Further, to test the robustness of GMLE, additional simulations are done in the same setting as the above example except that the noise is simulated from a Lognormal(4,1) and a Normal(50,15) distribution, respectively. Note that the Lognormal distribution has a heavy right tail as displayed in panel (a) of Figure 4. So in the Lognormal case we set the signal mean to θ = 100 so that the signal-to-noise ratio is not too low. In this case the ROC curve, shown in Figure 4(b), suggests that GMLE is better than either RMA or NMLE. This is because the Gamma distribution, while allowing some right skewness, can provide a better approximation to Lognormal noises than the Normal distribution. On the other hand, when the noise is normally distributed, the ROC curve (Figure 4c) shows that GMLE is as good as NMLE, and both are better than RMA. This is not surprising because a Gamma distribution can also fit a symmetric distribution like the Normal quite well. Thus, the result suggests that the GMLE can be robust and flexible when the distribution of the noise is non-Gamma.

Figure 4
ROC of 3 methods when noise is Lognormal and normal

5 Real data examples

5.1 Lung cancer study

To explore the molecular mechanism of lung cancer pathogenesis after irradiation, we conducted microarray experiments to identify the genome-wide expression changes after irradiation on human bronchial epithelial cells (HBEC). The gene expression of HBEC samples were measured using the Illumina Whole Genome microarray HumanWG-6 V2 platform. There are 48791 genes and 1374 negative controls randomly allocated on each array. We conducted microarray experiments on 32 HBEC samples including 20 non-irradiated and 12 irradiated samples in order to identify differentially expressed genes between irradiated samples and non-radiated samples.

To evaluate the performance of different background correction methods, we compared false discovery rates (FDR) of identifying DE genes between radiated and non-radiated samples after using RMA, NMLE and GMLE background correction methods to all arrays in the study. After background correction, quantile normalization and log2 transformation was used to preprocess the array data. Significance analysis of microarray (SAM) (Tusher et al., 2001) and a permutation-based false discovery rate approach (Xie et al., 2005) were used to identify DE genes between radiated and non-radiated samples. Figure 5 clearly shows that the proposed GMLE background correction method provides the lowest false discovery rate, and therefore this method is able to identify the greatest number of significant genes when controlling FDR at the same level.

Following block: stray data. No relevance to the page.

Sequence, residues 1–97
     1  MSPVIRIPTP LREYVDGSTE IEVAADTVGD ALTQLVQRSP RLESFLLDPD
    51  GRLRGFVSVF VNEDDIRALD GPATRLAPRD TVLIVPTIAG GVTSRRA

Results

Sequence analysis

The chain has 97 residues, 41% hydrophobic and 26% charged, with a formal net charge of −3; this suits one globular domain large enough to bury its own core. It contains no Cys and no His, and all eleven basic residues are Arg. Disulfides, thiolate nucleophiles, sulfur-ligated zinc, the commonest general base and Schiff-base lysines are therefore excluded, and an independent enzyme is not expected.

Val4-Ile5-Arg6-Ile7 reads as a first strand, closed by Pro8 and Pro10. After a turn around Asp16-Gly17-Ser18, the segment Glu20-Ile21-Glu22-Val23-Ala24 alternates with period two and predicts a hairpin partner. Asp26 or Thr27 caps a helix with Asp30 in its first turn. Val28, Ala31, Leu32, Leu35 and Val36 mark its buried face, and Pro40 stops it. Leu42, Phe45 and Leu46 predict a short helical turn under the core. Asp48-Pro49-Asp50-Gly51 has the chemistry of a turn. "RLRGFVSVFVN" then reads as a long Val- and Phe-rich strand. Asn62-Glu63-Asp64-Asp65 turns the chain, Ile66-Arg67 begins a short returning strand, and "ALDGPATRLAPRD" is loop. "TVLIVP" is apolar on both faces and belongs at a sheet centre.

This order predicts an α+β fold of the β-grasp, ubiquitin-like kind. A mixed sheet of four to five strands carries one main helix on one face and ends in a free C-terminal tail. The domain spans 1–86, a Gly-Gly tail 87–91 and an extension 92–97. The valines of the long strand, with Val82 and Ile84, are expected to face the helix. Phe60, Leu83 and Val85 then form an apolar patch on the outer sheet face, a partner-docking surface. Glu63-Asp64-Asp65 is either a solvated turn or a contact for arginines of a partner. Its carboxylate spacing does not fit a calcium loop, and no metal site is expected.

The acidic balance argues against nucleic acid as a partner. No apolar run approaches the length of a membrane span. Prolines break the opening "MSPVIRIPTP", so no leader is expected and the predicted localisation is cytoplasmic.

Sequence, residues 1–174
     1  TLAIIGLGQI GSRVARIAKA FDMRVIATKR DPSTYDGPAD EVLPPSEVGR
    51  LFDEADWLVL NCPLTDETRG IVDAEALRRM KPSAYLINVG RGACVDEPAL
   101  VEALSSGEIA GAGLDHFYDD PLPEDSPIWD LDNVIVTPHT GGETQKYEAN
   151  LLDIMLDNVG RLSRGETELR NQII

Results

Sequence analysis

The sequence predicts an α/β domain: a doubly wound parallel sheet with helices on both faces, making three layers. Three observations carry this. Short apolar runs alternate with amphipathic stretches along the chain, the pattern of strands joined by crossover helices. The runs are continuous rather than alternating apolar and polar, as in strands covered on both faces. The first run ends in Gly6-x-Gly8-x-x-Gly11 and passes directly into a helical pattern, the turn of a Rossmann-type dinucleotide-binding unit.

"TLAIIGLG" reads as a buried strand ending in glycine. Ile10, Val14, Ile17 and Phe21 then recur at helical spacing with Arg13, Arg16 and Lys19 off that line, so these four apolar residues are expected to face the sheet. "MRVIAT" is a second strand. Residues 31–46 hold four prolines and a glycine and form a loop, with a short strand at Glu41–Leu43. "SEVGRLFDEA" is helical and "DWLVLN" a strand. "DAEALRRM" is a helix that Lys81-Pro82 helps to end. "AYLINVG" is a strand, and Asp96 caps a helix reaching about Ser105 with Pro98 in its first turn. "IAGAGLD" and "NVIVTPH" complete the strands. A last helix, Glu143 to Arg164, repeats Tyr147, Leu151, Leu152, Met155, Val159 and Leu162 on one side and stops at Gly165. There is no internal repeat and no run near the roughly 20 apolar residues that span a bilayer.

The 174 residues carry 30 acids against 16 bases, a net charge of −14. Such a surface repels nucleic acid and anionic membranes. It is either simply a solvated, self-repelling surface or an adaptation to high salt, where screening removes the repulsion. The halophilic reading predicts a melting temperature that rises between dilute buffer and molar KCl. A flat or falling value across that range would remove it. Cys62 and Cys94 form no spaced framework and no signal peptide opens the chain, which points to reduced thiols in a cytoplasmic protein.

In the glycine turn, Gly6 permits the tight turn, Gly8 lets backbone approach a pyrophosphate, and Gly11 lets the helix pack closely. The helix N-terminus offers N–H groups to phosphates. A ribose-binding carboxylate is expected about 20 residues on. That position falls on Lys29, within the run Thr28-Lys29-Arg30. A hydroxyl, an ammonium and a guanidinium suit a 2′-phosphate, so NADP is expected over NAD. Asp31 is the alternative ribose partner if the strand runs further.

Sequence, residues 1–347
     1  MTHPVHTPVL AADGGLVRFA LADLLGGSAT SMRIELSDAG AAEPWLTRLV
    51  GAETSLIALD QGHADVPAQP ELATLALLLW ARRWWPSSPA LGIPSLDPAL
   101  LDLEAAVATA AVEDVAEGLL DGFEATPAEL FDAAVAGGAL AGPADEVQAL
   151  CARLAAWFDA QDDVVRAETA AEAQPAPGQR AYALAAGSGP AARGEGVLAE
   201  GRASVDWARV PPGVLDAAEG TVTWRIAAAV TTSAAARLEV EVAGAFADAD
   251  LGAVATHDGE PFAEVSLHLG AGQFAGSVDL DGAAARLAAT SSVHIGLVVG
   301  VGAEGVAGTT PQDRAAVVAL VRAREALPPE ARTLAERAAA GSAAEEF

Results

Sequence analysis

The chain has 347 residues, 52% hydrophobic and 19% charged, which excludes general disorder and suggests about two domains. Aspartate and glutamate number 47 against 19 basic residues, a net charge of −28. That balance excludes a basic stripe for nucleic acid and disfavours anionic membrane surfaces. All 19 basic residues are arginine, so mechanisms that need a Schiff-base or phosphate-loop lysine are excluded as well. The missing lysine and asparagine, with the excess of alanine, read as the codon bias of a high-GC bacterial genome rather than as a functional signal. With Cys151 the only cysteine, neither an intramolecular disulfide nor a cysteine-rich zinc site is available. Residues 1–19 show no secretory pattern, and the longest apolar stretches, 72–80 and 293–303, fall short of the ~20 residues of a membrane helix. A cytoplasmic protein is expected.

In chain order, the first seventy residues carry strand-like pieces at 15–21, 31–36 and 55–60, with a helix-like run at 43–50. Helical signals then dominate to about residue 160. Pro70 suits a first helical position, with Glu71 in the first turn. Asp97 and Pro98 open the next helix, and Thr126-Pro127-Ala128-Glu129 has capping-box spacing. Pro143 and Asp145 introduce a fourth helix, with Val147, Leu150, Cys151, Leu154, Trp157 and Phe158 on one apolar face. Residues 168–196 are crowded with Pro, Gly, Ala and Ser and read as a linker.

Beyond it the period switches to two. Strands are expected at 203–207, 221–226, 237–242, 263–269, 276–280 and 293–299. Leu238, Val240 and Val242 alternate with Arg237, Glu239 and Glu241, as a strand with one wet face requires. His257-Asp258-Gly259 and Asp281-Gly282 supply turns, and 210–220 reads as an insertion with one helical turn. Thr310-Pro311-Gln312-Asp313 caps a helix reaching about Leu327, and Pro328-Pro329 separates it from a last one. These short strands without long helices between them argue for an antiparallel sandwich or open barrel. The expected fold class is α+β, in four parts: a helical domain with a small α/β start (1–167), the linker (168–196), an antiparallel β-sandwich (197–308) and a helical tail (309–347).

Figure 5
False discovery rates comparisons of lung cancer pathogenesis study.

5.2 Leukemia study

We also evaluated the different background correction methods by comparing the microarray experiments results with reverse transcriptase-polymerase chain reaction (RT-PCR) results in a leukemia study. The purpose of this microarray experiment is to identify DE genes between radiation induced leukemia mouse samples and control mouse samples. Illumina Mouse-6 V1 BeadChips have been used for this experiment, and the details of the experiments have been described in our previous publications (Xie et al., 2009; Ding et al., 2008). RT-PCR experiments are regarded as the gold standard to measure mRNA levels, and methods giving consistent results with RT-PCR are believed to be good methods. Figure 6 shows the comparison of microarray experiments with RT-PCR experiments for 14 randomly selected genes. We can see that the results from microarray experiments are very consistent with that from PCR. Background correction using GMLE leads to the most consistent results with RT-PCR with R2 as 0.852 and the NMLE is slightly worse with R2 as 0.838. The result shows that the GMLE method gives the best estimates for this experiment.

Figure 6
Scatter plot for the log10 ratios (fold change) of gene expression between leukemia and normal tissues generated by RT-PCR and microarray with different background correction methods.

5.3 The Illumina spike-in experiment